A man killed in a shooting late Saturday afternoon in Surrey, B.C., has been identified as father, husband, nurse and minor hockey coach Paul Bennett.
Marty Jones, president of the Cloverdale Minor Hockey Association, said Bennett was dedicated to the kids he coached.
"It was clear just what kind of guy he was," Jones said. "He made kids smile and laugh and really love the game of hockey."
Jones said Bennett, 47, was the father of "two amazing young boys" and worked as a nurse.
"He was really just one of the most selfless men that I've had the privilege to be around in the hockey community," Jones said. "Paul cared."
Homicide detectives in the city are still investigating the shooting. RCMP were called to the 18200-block of 67A Avenue, a quiet residential suburb in Cloverdale, for a report of shots fired Saturday around 4 p.m.
They found Bennett suffering from gunshot wounds near a home in the area. He was taken to hospital but later died.
Cpl. Frank Jang with the Integrated Homicide Investigation Team (IHIT) said Bennett was not known to police.
He added the incident does not appear to be random and no suspects have been arrested.
"We are releasing Mr. Bennett's name in an effort to determine his activities and who he may have had contact with leading up to the shooting," Jang said in a written statement.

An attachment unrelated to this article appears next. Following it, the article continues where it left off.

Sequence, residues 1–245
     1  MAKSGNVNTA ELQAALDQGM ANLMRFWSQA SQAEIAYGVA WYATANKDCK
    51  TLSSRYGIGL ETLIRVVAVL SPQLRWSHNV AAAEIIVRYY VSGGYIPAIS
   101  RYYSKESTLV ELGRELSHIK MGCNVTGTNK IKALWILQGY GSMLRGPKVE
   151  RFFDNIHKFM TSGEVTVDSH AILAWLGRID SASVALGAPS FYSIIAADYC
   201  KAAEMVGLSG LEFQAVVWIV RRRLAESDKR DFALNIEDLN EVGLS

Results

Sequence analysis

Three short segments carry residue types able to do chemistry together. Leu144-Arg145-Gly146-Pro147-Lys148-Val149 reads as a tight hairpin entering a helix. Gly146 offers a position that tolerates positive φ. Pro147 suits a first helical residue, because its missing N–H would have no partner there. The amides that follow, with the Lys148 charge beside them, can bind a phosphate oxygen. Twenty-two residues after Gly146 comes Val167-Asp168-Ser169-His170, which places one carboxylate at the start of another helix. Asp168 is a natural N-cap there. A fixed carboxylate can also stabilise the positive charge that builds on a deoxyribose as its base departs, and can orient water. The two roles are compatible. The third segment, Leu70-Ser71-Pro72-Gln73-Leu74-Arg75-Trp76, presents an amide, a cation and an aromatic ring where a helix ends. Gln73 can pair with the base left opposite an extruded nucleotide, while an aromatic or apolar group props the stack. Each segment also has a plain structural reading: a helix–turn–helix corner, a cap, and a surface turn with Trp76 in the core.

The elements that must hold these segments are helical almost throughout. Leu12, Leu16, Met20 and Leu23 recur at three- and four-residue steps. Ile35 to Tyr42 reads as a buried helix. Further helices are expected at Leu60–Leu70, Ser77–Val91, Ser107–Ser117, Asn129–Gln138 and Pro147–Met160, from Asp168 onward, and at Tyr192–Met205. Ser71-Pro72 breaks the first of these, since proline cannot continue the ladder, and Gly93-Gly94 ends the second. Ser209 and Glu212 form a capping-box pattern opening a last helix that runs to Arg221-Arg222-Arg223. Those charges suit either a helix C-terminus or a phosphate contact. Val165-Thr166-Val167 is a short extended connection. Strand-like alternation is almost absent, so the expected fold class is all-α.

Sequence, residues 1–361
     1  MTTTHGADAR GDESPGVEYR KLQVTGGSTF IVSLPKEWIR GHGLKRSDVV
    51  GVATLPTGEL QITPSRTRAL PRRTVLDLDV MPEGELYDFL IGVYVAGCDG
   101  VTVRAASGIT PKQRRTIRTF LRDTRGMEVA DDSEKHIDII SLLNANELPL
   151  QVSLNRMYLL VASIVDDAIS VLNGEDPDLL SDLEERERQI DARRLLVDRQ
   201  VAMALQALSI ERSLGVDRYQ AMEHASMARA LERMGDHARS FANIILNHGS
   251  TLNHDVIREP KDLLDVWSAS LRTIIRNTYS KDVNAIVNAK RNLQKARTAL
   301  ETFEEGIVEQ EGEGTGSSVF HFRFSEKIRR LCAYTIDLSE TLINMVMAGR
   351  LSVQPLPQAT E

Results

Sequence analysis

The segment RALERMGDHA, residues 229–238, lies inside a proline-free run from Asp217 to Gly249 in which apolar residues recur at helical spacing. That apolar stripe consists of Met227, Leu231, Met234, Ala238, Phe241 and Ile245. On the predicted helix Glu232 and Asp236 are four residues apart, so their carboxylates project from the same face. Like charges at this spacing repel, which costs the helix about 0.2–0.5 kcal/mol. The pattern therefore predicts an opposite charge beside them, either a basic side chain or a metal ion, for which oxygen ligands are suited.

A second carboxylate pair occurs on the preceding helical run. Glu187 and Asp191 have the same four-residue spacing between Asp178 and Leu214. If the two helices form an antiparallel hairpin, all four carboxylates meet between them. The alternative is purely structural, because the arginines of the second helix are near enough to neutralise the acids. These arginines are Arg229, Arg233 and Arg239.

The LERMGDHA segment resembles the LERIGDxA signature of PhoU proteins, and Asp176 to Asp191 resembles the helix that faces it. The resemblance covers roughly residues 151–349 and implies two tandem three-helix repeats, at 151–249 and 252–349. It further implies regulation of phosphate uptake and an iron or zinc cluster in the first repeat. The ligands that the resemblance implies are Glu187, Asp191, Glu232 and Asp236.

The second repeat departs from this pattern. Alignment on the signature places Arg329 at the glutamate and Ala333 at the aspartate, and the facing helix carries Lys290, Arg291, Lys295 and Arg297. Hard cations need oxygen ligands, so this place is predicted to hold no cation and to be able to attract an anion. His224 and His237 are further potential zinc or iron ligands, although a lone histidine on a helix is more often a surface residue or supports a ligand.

Anyone with information on the victim is asked to contact IHIT or Crime Stoppers.
'Passionate advocate for patients'
Fraser Health confirmed that Bennett worked as a nurse in the operating room at Peace Arch Hospital.
"He was a passionate advocate for patients and patient care," the health authority said in a written statement.
"Staff at our hospital are shocked and deeply saddened."
Neighbours in the quiet cul-de-sac where Bennett lived say they were shocked to hear about the shooting.
"It shakes up a community to see something like this happen," said Caleb Branscombe, on his way to church Sunday morning. "We're all going to be praying for the family ... It's heartbreaking."
Gurpreet Singh Sahota, newspaper editor and organizer of anti-gang advocacy group Wake Up Surrey, called for more police officers in the city.
"It's time to wake up and make accountable our politicians, our police system and every other stakeholder," he said. "We have to come out and break the code of silence."
With files from GP Mendoza and Zahra Premji
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